Sixth-raters, nimble sloops and brigs, 38m (125ft) long with a crew of about 195. Their speed and manoeuvrability made them useful escort and courier vessels.


A generic term used to describe ships carrying merchandise or a vessel of the merchant marine.

Pilot vessel

Self-explanatory generic term used to describe a vessel used by a pilot. These were exceptionally important to Scilly and here, these were generally gigs or cutters.


A small square-rigged ship with a narrow overhanging stern, often used for the carriage of masts.  In 15th and 16th centuries the name was loosely applied to small ships with narrow sterns, a fairly common design in that period.  Recorded as being used by the Danish Navy to describe a small warship in which the stern was broadened out at the upper deck level to accommodate quarter guns.  BACK to Shaftsbury.

Preventative Service Vessel

A generic term used to describe vessels used by the Preventative Service or Coast Guard to deter smugglers. These vessels were usually cutters or sloops.  Very relevant to the Isles of Scilly.  See Times reports.


An armed vessel owned by a private individual but holding a government commission authorising its use in war, especially in the capture of merchant shipping.


Usually small sea-going fore-and aft rigged vessels, originally with two masts, later often with three or four, the foremast being equal or smaller than the other masts.


Shallop, a sort of large boat with two masts, and usually rigged like a schooner


Small one-masted fore-and aft rigged vessels with a mainsail and jib or large open boats (long boats) or small sailing warships carrying guns on the upper deck only. It was the frequent custom at this time to speak of sloops as cruisers. The term is also used to describe one of the smaller classes of anti-submarine convoy escort vessels in the second world war.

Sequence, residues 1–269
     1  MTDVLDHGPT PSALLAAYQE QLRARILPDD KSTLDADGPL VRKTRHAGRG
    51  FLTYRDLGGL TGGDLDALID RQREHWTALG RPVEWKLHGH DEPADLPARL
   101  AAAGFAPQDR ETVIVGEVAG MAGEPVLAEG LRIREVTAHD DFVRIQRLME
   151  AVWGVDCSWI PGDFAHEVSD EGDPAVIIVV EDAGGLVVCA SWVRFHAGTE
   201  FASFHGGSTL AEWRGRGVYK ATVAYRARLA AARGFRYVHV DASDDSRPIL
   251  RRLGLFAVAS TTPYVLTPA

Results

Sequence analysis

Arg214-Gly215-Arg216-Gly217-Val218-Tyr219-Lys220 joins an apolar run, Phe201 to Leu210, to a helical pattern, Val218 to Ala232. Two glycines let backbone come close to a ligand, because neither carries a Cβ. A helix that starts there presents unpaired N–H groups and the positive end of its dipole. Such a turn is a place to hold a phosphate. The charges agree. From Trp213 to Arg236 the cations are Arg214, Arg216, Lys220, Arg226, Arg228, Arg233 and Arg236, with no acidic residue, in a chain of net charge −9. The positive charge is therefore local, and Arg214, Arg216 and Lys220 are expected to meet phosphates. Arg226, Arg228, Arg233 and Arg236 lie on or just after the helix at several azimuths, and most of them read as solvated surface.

A snow was a vessel with three masts resembling the main and foremast of a ship with a third and small mast just abaft the mainmast, carrying a sail nearly similar to a ship's mizzen. The foot of this mast was fixed in a block of wood or step but on deck. The head was attached to the afterpart of the maintop. The sail was called a trysail, hence the mast was called a trysail-mast.


Single masted fore-and-aft-rigged sailing vessels, usually employed for coasting or fishing.


Vessels propelled by steam, whether driven by paddles or screw propeller.


Ships fitted with tanks for transporting oil or other fluids in bulk.

Target tugs

Sea vessels and aircraft used for towing targets used in shooting practice.

Torpedo boat

A small fast lightly armed warship for carrying and discharging a torpedo or torpedoes. Post 1866.


A type of fishing vessel, boats which fish with a trawl or drag net.

Troop ships

Ships for transporting troops.


Small, stoutly built, powerful boats used to tow larger vessels. Steamship era.


Armoured vessels used in war. This is a vessel type used to describe a wreck whose exact type is not recorded. Vessels recorded as destroyer, battleship etc are not normally listed under this vessel type.


The term wherry was applied to various decked fishing-vessels belonging to England, Ireland, and
the Isle of Man.

West Indiaman

A vessel engaged in trade with the West Indies.


A two-masted fore-and-aft rigged sailing boat with a short mizzen stepped far abaft of the rudder post or small undecked two-masted fishing boat or a ships jollyboat with usually four or six oars.


[1] - Arrangement of sails in a vessel where the main driving sails are laced to the yards which lie square to the mast.
[2] - A four sided sail set on a lug or yard, usually on small boats.
[3] - Trysail - Small sail, normally triangular.


Oxford Companion to Ships and the Sea edited by Peter Kemp.